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Parasurama Mudaliar Vs. Muthuswami Pillai and ors. - Court Judgment

LegalCrystal Citation
SubjectArbitration
CourtChennai
Decided On
Reported inAIR1925Mad1209; (1926)50MLJ100
AppellantParasurama Mudaliar
RespondentMuthuswami Pillai and ors.
Cases ReferredGhulam Khan. v. Muhammad Hassan
Excerpt:
- .....ground that he was a party interested and never signified his agreement that the matter should be referred to arbitration. it is not disputed that the petitioner never agreed. he was 'ex parte in the suit and only those who put in an appearance signed in token of their consent. nor can it be said that by remaining ex parte he waived his right to be consulted in the matter. there is some conflict of judicial opinion on this point, the calcutta high court holding that even though he be ex parte the party interested must be consulted and the allahabad high court holding the contrary view. girija v. kanai (1917) 27 c.l.j. 339 and ajudhia prasad v. badar-ul-husain i.l.r. (1917) all 489. the ruling case in this court is potita pavana panda v. nanasinga panda i.l.r. (1919) mad. 632 to which i.....
Judgment:

Jackson, J.

1. The petitioner seeks to revise the award decreed by the District Munsif, Tirukoilur, in O.S. No. 37 of 1922 on the ground that he was a party interested and never signified his agreement that the matter should be referred to arbitration. It is not disputed that the petitioner never agreed. He was 'ex parte in the suit and only those who put in an appearance signed in token of their consent. Nor can it be said that by remaining ex parte he waived his right to be consulted in the matter. There is some conflict of judicial opinion on this point, the Calcutta High Court holding that even though he be ex parte the party interested must be consulted and the Allahabad High Court holding the contrary view. Girija v. Kanai (1917) 27 C.L.J. 339 and Ajudhia Prasad v. Badar-ul-Husain I.L.R. (1917) All 489. The ruling case in this Court is Potita Pavana Panda v. Nanasinga Panda I.L.R. (1919) Mad. 632 to which I defer.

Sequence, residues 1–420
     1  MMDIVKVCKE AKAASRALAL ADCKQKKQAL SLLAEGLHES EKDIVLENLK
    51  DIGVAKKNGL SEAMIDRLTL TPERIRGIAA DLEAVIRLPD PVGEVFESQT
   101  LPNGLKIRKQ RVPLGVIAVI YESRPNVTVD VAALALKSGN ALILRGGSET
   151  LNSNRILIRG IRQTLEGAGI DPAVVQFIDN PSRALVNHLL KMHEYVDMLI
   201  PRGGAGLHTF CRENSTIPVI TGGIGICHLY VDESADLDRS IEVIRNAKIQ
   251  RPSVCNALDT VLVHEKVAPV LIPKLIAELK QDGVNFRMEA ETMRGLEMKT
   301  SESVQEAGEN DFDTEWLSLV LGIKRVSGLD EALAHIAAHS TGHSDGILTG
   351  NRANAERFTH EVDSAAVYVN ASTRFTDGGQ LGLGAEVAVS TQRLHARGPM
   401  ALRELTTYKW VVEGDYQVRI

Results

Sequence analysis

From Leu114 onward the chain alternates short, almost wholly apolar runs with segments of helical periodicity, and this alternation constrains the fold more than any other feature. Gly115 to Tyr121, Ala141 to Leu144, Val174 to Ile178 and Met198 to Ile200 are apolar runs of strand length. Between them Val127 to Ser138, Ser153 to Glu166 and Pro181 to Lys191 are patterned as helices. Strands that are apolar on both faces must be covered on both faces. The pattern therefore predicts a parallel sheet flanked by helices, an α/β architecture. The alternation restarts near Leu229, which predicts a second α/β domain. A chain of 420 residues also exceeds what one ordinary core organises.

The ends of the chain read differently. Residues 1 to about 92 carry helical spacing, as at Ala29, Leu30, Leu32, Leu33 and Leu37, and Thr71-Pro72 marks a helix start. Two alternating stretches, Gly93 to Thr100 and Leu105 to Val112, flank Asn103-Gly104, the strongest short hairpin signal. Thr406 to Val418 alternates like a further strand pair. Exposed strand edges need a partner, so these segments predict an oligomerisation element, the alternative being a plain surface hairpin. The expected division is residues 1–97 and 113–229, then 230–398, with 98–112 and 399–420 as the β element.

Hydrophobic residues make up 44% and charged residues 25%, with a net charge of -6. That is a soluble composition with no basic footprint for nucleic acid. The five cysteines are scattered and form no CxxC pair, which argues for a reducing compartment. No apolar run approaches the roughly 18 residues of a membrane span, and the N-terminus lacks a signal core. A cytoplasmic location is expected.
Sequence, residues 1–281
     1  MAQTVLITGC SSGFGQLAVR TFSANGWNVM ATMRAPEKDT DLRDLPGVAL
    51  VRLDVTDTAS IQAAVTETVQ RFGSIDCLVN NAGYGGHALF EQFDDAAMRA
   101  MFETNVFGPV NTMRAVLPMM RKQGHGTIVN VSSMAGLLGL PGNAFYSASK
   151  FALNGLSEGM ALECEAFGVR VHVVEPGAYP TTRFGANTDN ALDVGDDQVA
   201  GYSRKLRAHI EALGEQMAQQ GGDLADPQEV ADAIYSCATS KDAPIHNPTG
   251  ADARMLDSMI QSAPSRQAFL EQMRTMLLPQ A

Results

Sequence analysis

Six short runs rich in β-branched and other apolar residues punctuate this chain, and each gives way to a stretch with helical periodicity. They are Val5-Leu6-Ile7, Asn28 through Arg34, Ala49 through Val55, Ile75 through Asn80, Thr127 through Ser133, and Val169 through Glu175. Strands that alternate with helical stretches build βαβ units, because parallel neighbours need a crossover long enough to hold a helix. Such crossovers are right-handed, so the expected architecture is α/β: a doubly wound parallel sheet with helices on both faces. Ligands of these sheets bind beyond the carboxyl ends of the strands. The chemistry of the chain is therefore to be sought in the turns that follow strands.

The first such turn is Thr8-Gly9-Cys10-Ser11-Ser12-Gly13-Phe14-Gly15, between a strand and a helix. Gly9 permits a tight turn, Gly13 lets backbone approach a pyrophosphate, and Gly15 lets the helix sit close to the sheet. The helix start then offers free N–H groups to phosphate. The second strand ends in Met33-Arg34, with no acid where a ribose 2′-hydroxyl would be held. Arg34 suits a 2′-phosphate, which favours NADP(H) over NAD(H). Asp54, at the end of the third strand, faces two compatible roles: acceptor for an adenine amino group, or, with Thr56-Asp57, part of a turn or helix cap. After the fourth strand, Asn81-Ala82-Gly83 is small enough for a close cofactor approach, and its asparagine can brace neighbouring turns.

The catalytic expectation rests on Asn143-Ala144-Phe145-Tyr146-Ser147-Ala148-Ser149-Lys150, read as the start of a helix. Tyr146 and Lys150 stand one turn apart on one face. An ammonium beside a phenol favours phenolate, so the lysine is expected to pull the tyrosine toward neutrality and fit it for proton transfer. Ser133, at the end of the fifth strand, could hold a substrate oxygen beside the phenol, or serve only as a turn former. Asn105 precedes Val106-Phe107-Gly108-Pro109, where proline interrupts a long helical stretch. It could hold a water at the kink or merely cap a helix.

2. It remains to consider whether the petitioner was a party interested. He was impleaded by plaintiff as one of his vendors. That is to say he had covenanted to convey title to the plaintiff and was interested in the plaintiff's suit to establish that title, for otherwise he might be sued for damages. It cannot be argued that no question of damages could arise because the purchaser knew that there were disputes about the title. The plaintiff has freely admitted before the arbitrators that he knew of this dispute and objected, but was assured that he would be given documents to prove that the property was the vendor's by ancestral right. That in these circumstances the vendee still has a claim against the vendor is laid down in Vellayappa Rowthen v. Bava Row-then (1915) 29 I.C. 747 by a Bench of this Court.

3. So it may be taken on the facts that in the present suit all the parties interested did not agree that a matter in difference between them should be referred to arbitration.

4. It was next argued that even in such circumstances this Court should not interfere by way of revision. The case already referred to, Potita Pavana Panda v. Narasinga Panda ILR (1919) Mad. 632 is sufficient authority that such interference is justifiable. Ghulam Khan. v. Muhammad Hassan (1901) I.L.R. 29 Cal. 167 (P C) is sometimes quoted as if a Court acting under the second schedule of the Code was entirely immune from revisional proceedings. But if a Judge refers a case to arbitration without the consent of the parties interested, he is exercising a jurisdiction not vested in him by law, and as made clear in this very ruling that is one of the contingencies for which the Judicial Committee contemplates the possibility of revision.

5. Lastly, it was suggested that the petitioner is colluding with the plaintiff, and only remained ex pane in order to upset the award should occasion arise.

6. There is no evidence of collusion, and if this were the plot, the respondents should have taken care to defeat it by discovering at the outset if the petitioner meant to withhold his consent.

7. Accordingly the petition is allowed and the decree is reversed. The suit must proceed to trial. The costs to be part of the costs of the suit.


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